Exhibition focuses on the long shadows cast by the Great War
Wednesday, 5 September 2018 — Sunday, 11 November 2018
|Location||University Gallery, Callaghan|
A fascinating exhibition to be held at the University Gallery during September will highlight lesser-known experiences of the First World War in the Middle East that continue to cast long shadows. Featuring texts, music, and evocative photographs, the exhibition Long Shadows: The Great War, Australia and the Middle East will lead the visitor from Australia to Gallipoli, Asia Minor and Northern Syria, from 1915 to 2018.
The exhibition is a teamwork initiated by ARC Future Fellow, Associate Professor Hans Lukas Kieser, a historian of Turkey and the Ottoman Empire marked by the First World War. Dr Kate Ariotti, whose research focuses on Australian war history, brings to the exhibition the Australian perspective of Gallipoli. Other members of the preparatory team are Art Curator Gillean Shaw and doctoral student Caroline Schneider.
“This exhibition will have an element of familiarity to most people who have an understanding of Gallipoli. However there will also be some lesser-known elements of history included that some people might find quite confronting, particularly with respect to the legacies of the Middle Eastern conflicts,” Ariotti said.
Associate Professor Kieser says although the war in the Middle East formally ended in 1918, this exhibition demonstrates how its shadows of violence, trauma and conflict continue to resonate today.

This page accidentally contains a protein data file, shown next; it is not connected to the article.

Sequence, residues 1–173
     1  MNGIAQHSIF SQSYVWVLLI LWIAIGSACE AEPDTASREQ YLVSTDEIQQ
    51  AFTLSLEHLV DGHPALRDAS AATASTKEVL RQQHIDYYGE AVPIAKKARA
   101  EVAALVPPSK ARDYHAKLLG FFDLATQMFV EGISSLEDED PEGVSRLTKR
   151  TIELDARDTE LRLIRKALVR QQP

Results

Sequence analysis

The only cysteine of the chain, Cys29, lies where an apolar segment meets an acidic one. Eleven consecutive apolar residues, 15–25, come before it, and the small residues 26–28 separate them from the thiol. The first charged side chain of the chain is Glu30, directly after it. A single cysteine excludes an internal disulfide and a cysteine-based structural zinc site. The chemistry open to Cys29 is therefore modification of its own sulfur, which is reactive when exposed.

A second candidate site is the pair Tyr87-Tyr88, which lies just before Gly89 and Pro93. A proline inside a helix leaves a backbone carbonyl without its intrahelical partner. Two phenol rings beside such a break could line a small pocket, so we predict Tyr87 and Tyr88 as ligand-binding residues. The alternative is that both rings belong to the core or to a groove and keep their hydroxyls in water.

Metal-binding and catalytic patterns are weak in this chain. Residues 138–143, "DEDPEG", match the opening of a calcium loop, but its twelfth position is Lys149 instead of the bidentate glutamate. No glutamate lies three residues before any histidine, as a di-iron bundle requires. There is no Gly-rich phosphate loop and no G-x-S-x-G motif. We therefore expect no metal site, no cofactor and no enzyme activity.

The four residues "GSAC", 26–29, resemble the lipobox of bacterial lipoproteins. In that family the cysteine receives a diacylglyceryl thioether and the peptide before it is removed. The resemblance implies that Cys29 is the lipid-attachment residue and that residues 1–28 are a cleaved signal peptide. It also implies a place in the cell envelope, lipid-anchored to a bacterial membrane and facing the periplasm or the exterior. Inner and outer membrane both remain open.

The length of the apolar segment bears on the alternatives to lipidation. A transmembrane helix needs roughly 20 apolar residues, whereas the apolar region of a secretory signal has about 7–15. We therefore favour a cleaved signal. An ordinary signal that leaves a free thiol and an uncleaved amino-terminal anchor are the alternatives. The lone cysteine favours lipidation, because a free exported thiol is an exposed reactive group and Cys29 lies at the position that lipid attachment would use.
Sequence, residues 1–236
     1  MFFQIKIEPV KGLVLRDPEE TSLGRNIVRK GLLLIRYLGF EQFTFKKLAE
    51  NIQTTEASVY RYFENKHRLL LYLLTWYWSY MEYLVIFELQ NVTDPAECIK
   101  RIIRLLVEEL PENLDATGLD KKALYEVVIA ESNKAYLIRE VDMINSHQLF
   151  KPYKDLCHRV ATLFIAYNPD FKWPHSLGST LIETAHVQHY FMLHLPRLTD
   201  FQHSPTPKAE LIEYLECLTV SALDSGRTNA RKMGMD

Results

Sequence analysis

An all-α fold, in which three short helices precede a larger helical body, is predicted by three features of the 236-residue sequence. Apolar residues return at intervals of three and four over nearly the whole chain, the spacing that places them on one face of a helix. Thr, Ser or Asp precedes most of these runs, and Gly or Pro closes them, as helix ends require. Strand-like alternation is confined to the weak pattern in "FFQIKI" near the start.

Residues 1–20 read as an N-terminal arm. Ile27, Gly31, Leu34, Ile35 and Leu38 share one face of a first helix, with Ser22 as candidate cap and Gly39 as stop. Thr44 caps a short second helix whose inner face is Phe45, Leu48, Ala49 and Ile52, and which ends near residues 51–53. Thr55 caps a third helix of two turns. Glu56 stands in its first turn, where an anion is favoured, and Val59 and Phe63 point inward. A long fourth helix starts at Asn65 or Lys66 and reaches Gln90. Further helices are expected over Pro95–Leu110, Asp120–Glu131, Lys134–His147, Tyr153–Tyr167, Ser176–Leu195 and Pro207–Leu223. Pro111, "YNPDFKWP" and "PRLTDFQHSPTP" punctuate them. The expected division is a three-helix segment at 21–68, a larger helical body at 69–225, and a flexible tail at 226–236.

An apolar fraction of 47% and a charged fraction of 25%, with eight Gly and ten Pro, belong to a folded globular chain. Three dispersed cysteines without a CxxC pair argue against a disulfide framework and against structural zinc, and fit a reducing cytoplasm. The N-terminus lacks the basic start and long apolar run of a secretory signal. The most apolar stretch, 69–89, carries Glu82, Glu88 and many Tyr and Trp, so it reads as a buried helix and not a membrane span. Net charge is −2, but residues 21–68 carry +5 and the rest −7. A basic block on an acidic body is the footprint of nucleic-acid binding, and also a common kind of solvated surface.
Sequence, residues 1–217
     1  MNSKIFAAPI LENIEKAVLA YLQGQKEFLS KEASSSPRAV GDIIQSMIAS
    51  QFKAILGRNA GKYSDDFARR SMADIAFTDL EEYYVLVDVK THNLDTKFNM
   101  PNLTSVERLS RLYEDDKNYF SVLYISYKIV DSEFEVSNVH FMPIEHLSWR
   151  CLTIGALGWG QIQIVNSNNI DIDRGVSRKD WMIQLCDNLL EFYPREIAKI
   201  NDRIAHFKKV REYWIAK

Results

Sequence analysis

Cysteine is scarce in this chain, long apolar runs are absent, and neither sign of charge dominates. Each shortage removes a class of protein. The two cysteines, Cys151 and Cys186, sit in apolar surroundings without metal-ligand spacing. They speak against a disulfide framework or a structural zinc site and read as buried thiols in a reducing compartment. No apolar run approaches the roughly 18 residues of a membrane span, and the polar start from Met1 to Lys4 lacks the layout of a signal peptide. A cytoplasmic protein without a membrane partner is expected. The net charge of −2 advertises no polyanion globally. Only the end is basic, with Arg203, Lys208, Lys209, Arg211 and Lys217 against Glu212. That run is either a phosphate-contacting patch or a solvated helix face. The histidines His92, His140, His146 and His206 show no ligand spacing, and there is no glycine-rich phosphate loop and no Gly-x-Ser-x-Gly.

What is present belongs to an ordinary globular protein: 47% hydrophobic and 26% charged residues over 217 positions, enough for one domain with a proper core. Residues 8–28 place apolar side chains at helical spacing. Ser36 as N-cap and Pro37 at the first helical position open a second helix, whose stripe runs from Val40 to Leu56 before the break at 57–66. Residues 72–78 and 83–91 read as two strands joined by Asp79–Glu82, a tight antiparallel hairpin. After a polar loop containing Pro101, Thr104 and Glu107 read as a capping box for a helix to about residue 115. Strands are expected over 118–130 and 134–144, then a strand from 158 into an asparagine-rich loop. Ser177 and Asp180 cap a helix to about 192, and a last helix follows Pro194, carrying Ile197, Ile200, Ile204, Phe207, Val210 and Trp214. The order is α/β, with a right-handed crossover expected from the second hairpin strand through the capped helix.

“This exhibition creates a more comprehensive understanding of the events at Gallipoli in 1915, along with the events that were also occurring in parallel with the Armenian Genocide and fall of the Ottoman Empire,” Associate Professor Kieser said.
“Most Australians are familiar with Gallipoli and the Anzac story. The Armenian Genocide is less known, yet it had implications that are still being felt today in the Middle East. The Armenian genocide was part of a violent demographic engineering in the last decade of the Ottoman Empire in 1912-1922, when at first Balkan Muslims, then, on a multiplied scale, Armenian, Assyrian and Greek Christians in Asia Minor and Syria were targeted,” Associate Professor Kiesersaid.
“They became victims of hate speech, mob violence, rape, ethnic cleansing, mass killing and enslavement. We cannot understand the rise and patterns of today’s ‘Islamic State’ and the Yezidi genocide without taking into account the much bigger mass crimes perpetuated a hundred years ago in the same region, also often in the name of Islam and never coped with,” Kieser states.
Stretching from the First World War, through the crumbling of the Ottoman Empire to more contemporary Middle Eastern conflicts, the exhibition will feature a time line that will shows how the differing stories of the Anzacs and Armenian genocide survivors intersect.
“Visitors can expect to see range of intriguing photos, maps, texts and artefacts from throughout the period. A series of talks are also planned featuring specialist historians speaking to specific elements covered within the exhibition,” Associate Professor Kieser said.
“The exhibition will bring a new level of understanding to a region that has been and continues to be so crucial for global politics and Australian foreign policy,” he said. “Yes it may be confronting, but that is the purpose of the exhibition, to open new horizons and reveal those points in history that are not enough known,” Kieser concluded.